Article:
Fungi characteristics
It is worthwhile to examine more deeply this strange world, with such peculiar characteristics, and try to highlight those elements that somehow may be pertinent to the problems of oncology.

1) Fungi are heterotrophic organisms and therefore need, as far as nitrogen and carbon are concerned, pre-formed compounds. Of these compounds, simple carbohydrates, for example monosaccharides (glucose, fructose and mannose), are among the most utilised sugars. This means that fungi, during their life cycle, depend on other living beings which must be exploited in different degrees for their feeding. This occurs both in a saprophytic way (that is, by feeding on organic waste) and in a parasitic way (that is, by attacking the tissue of the host directly).

2) Fungi show a great variety of reproductive manifestations (sexual, asexual, gemmation; these manifestations can often be observed simultaneously in the same mycete), combined with a great morphostructural variety of organs. All of this is directed toward the end of spore formation, to which the continuity and propagation of the species is entrusted.

3) In mycology, it is often possible to observe a particular phenomenon called heterokaryon, characterised by the coexistence of normal and mutant nuclei in cells that have undergone a hyphal fusion. Nowadays, phytopathologists are quite worried about the creation of individuals that are genetically quite different even from the parents. This difference has taken place by means of those reproductive cycles, which are called parasexual. The indiscriminate use of phytopharmaceuticals has in fact often determined mutations of the nuclei of many parasitic fungi with the consequent creation of heterokaryon–and this is sometimes particularly virulent in its pathogenicity.4

4) In the parasitic dimension, fungi can develop from the hyphas more or less beak-shaped, specialised structures that allow the penetration of the host.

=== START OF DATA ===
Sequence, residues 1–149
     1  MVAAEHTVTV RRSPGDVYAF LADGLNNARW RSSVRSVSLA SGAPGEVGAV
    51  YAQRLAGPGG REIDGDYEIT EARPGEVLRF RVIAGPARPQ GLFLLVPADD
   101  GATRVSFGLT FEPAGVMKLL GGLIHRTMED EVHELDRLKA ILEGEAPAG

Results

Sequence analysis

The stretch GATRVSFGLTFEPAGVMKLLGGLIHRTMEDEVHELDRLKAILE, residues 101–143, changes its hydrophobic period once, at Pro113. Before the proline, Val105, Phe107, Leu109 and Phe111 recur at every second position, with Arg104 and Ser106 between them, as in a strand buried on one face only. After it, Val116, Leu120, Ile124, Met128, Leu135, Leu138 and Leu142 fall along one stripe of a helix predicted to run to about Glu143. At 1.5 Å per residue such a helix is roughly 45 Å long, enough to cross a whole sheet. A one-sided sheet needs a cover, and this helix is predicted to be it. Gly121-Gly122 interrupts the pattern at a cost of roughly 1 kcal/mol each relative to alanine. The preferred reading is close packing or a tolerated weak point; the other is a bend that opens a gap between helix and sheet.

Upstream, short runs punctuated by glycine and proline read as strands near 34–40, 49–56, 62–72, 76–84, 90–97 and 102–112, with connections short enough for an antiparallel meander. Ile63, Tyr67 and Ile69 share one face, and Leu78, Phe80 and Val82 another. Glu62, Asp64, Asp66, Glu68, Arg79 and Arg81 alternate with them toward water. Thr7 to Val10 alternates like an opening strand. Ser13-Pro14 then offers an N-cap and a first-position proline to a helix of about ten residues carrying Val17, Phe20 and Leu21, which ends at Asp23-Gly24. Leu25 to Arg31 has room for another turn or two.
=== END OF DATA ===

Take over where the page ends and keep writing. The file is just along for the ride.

5) The production of spores can be so abundant as to include always, at every cycle, tens, hundreds and even thousands of millions of elements that can be dispersed at a remarkable distance from the point of origin5 (a small movement is sufficient, for example, to implement immediate diffusion).

6) Spores have an immense resistance to external aggression, for they are capable of staying dormant in adverse conditions for many years while preserving unaltered their regenerative potentialities.

7) The development coefficient of the hyphal apexes after the germination is extremely fast (100 microns per minute under ideal conditions) with ramification capacity, thus with the appearance of a new apex region that in some cases is in the neighbourhood of 40-60 seconds.6

8) The shape of the fungus is never defined, for it is imposed by the environment in which the fungus develops. It is possible to observe, for example, the same mycelium in the simple isolated hyphas status in a liquid environment or in the form of aggregates that are increasingly solid and compact, up to the formation of pseudoparenchymas and of filaments and mycelial strings.7

9) By the same token, it is possible to observe in different fungi the same shape whenever they must adapt to the same environment (this is called dimorphism). The partial or total substitution of nourishing substances induces frequent mutations in fungi, and this is further proof of their high adaptability to any substrata.

10) When the nutritional conditions are precarious, many fungi react with hyphal fusion (among nearby fungi) which allows them to explore the available material more easily, using more complete physiological processes. This property, which substitutes co-operation for competition, makes them distinct from any other micro-organism, and for this reason Buller calls them social organisms.8